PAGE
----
The Cable

Clinton rolls back Bolton-era arms control shakeup

Secretary of State Hillary Clinton on Wednesday announced plans to reorganize the "T" bureau at the State Department, seeking to roll back changes made by former Under Secretary John Bolton during George W. Bush's presidency.

"We are undertaking a focused reorganization of the Bureau of International Security and Nonproliferation and the Bureau of Verification, Compliance, and Implementation," Clinton wrote in a letter to T bureau staff. "The goals of this reorganization are to realign the missions of the VCI and ISN bureaus to better leverage their support for key national security objectives and to create dedicated organizational advocates for arms control and verification and compliance, and nonproliferation."

Under Secretary of State for Arms Control Ellen Tauscher, who leads the T bureau, explained the rationale in a town-hall meeting with about 200 staffers Wednesday morning.

"Arms control, verification, compliance, and nonproliferation will no longer be starved for resources; quite the contrary, these missions along with our political-military efforts will be adequately resourced and well-staffed with first rate professionals," she told her personnel. "The proven and time-tested tools of arms control have been seriously underutilized, if not neglected, by the United States, and nonproliferation efforts have at times lacked focus and follow-through. This dysfunctional approach culminated in the 2005 reorganization."

Within T, the Bureau of Verification, Compliance and Implementation (VCI) will be renamed the "Bureau of Arms Control, Verification, and Compliance."  Adding arms control to the bureau's portfolio will help consolidate and strengthen that effort within T, a State Department official told The Cable.

The International Security and Non-proliferation Bureau (ISN) will now be left to focus solely on nonproliferation work. T's third bureau, the Political-Military Affairs shop, will go on unchanged.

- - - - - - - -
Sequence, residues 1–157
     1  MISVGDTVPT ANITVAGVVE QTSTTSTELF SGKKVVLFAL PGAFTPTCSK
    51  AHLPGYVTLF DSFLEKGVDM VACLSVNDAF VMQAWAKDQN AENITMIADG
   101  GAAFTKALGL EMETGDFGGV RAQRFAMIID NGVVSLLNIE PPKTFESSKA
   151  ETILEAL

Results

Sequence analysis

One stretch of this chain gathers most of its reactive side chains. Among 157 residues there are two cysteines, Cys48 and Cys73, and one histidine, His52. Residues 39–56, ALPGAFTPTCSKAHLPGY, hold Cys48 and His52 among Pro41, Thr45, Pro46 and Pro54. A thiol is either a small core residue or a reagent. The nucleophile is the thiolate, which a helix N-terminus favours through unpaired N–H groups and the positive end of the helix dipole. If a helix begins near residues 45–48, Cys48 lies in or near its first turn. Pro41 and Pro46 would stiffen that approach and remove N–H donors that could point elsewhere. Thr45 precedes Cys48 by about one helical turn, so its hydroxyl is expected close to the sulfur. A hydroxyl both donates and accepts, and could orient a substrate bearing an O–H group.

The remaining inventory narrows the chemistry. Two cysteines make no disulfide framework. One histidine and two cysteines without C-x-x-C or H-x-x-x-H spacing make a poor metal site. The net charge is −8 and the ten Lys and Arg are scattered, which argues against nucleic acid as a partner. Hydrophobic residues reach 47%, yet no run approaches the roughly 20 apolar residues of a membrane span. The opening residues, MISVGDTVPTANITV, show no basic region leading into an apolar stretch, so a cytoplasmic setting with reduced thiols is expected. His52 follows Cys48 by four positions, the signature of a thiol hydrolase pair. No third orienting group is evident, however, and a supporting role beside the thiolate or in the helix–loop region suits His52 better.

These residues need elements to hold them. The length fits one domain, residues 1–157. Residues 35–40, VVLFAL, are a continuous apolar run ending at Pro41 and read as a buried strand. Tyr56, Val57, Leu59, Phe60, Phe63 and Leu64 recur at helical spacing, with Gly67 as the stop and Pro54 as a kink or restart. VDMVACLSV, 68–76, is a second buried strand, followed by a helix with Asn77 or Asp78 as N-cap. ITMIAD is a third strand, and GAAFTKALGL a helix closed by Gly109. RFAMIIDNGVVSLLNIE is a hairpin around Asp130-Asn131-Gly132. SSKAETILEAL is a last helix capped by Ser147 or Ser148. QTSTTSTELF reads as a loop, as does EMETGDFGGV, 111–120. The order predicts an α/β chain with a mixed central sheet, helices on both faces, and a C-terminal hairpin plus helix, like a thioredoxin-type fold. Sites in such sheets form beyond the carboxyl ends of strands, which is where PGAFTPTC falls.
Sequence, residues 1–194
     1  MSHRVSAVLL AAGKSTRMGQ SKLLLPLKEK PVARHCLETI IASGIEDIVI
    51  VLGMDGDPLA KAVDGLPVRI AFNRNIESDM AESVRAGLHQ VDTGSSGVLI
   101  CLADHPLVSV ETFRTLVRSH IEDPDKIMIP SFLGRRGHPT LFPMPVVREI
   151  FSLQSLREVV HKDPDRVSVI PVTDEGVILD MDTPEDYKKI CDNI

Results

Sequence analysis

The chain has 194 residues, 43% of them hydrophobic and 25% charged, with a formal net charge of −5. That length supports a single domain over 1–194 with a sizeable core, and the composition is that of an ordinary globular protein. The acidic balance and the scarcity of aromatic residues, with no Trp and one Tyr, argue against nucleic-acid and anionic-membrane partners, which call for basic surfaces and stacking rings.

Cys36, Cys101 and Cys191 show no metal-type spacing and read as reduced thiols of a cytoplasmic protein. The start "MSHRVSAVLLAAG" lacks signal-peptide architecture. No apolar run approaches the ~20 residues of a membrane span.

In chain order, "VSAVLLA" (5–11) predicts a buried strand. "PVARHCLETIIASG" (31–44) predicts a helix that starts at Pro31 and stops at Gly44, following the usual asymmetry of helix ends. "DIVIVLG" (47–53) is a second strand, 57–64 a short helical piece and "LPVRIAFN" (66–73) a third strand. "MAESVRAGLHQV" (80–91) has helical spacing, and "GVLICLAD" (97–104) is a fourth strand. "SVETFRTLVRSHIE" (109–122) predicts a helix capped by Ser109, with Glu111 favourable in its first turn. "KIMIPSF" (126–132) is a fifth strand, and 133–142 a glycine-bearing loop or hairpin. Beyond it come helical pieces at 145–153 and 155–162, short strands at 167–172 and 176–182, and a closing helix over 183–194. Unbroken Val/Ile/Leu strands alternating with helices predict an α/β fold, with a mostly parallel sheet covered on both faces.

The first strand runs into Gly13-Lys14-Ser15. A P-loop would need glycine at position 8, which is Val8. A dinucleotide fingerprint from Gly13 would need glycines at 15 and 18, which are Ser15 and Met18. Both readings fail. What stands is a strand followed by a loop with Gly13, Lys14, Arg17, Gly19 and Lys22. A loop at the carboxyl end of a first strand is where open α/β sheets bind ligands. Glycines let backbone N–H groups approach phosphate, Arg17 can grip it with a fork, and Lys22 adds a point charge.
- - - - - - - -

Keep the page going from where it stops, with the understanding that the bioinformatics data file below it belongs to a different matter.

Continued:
Confused yet?

None of the plans are final, the official explained, and today begins a long process of consulting with T employees and Hill staffers alike. Small personnel shifts are expected from ISN to VCI.

"This is really the beginning of a conversation with the VCI and ISN staff to reorganize and strengthen both of these bureaus," the official said. "This is an effort to restore both bureaus to their previous prominence ... you now have a president who cares about nonproliferation."

The 2005 reorganization consolidated three bureaus into two, joining arms control and nonproliferation together into the ISN bureau, in what was then touted as a streamlining measure. A 2009 GAO report said that State was never able to demonstrate that the changes produced any benefits. Current officials saw the move as a way to marginalize both efforts.

ISN is currently without a permanent leader and being run by acting Assistant Secretary Vann Van Diepen. The State Department forwarded the name of Steve Mull, sources said, but the White House has yet to respond.

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The Cable

Choose your own Iran sanctions adventure at the U.N.?

The discussions over Iran sanctions at the U.N. Security Council are taking shape, as member countries converge around a plan to put forth a resolution that may not have the teeth some advocates want, but could be used as a vehicle for other entities to pursue more biting sanctions.